In rare criticism of its Southeast Asian ally, the United States said it was "disappointed by the disproportionately light sentences", which came within days of a visit to Indonesia by US Secretary of State Hillary Clinton.
"The United States encourages Indonesia to defend its tradition of tolerance for all religions, a tradition praised by President [Barack] Obama in his November 2010 visit to Jakarta," a US embassy statement said.
The Obama administration resumed military ties with Indonesia's notorious special forces unit last year, citing improvements in the human rights situation in the country.
The European Union delegation in Jakarta expressed "strong concerns" over the light sentences.
The violence against the Ahmadiyah sect members in Cikeusik, western Java, was one of the most horrific in a long line of attacks on the minority group in Indonesia in recent years. Ahmadiyah, unlike mainstream Muslims, do not believe Mohammed was the last prophet and are regarded as heretics and blasphemers by conservatives in countries such as Indonesia and Pakistan.
A secretly filmed video of the Cikeusik rampage sparked international concern when it appeared online within days of the attack. The reaction in Indonesia, however, was muted. The footage shows police fleeing the scene as the enraged mob - armed with machetes and knives and shouting abuse at the "infidels" - launched an unprovoked attack on a house owned by an Ahmadiyah follower.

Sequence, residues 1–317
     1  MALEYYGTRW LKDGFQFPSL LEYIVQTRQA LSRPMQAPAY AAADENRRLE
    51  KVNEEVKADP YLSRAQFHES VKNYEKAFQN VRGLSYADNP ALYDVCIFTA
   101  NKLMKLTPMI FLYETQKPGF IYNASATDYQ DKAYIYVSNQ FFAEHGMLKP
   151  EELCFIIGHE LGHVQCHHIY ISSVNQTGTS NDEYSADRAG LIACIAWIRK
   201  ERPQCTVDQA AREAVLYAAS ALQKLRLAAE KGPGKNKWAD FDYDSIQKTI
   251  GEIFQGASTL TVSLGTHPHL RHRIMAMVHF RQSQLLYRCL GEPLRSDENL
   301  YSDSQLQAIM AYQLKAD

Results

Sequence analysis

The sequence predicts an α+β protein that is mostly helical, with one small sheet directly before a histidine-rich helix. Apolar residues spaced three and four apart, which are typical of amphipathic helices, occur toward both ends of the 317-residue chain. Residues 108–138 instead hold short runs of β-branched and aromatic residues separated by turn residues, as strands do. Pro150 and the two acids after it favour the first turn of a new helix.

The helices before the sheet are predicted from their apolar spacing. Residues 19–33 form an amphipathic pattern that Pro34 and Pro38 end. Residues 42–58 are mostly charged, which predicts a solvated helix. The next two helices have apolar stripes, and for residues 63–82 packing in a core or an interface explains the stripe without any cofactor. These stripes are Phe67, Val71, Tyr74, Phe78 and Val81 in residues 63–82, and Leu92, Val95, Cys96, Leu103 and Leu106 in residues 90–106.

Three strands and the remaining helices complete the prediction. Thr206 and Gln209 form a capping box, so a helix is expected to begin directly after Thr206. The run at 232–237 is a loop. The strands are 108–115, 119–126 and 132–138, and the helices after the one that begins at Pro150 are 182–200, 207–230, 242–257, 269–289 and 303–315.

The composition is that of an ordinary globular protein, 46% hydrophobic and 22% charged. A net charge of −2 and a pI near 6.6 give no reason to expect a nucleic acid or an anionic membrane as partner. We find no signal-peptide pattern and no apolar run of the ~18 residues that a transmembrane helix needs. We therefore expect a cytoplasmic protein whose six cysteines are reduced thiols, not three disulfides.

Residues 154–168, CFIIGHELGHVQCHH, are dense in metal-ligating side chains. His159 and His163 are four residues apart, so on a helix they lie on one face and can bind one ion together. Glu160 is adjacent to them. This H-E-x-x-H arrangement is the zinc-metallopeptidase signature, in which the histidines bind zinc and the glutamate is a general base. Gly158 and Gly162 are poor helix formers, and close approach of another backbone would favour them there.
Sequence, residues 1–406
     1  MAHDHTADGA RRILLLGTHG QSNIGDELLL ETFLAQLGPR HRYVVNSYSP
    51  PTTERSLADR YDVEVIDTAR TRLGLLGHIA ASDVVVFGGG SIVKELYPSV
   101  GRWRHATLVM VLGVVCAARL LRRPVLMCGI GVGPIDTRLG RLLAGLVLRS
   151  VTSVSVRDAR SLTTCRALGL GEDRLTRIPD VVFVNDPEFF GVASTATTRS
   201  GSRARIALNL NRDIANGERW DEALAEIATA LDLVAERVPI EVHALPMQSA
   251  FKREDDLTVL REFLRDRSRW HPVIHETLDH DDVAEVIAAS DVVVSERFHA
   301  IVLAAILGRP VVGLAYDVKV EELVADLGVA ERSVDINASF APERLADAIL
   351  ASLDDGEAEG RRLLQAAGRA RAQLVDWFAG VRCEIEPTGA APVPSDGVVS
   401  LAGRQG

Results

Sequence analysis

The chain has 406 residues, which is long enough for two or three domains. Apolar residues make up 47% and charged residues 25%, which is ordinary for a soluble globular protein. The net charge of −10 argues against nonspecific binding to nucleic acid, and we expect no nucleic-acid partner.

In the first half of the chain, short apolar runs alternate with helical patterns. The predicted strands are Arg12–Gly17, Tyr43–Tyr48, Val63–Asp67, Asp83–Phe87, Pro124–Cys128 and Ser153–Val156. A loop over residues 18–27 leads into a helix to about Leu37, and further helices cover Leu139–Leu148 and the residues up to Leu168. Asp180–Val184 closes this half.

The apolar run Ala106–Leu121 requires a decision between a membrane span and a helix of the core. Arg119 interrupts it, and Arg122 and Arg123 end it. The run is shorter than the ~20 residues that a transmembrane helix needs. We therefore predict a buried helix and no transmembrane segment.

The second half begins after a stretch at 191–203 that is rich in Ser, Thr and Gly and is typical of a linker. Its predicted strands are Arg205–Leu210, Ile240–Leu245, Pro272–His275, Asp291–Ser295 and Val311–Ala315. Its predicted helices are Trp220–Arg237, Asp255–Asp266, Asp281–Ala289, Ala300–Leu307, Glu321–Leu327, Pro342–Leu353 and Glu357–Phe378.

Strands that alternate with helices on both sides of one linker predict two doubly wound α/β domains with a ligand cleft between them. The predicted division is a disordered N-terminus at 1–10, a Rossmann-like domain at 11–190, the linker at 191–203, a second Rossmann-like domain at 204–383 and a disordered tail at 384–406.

A handful of Ahmadiyah men tried to defend the property with stones and slingshots but they were quickly overwhelmed. Then the killing began. The mob clubbed and stoned their defenceless victims to death in front of police, then stood around and joked over their shattered bodies. Several Ahmadiyah tried to flee but were hunted down and badly beaten.
Robertson said the appalling "savagery" demanded a strong response from a country which has ratified international covenants on freedom of religion and claims to have a pluralistic religious tradition. "But instead of charging the defendants with murder and other serious crimes, prosecutors came up with an almost laughable list of 'slap-on-the wrist' charges," he said.
Prosecutors managed to convince the court that the video justified a reduced sentence for the killers.
Meanwhile Ahmadiyah member Deden Sujana is facing up to four years in jail on charges of incitement, disobeying police orders and maltreatment because he ignored police orders to evacuate the house.
Ahmadiyah spokesman Zafrullah Ahmad Pontoh was cautious in his response to the sentences. "Let the legal power handle the case. It's only a worldly punishment," he said. "We'll forgive those who ask us for forgiveness, but so far we haven't heard them asking us for forgiveness."
The graphic footage, which is available on the video-sharing website YouTube, was filmed by an Ahmadiyah follower who mingled with the attackers and watched his friends being murdered. The man is now in hiding under police protection, fearing for his life.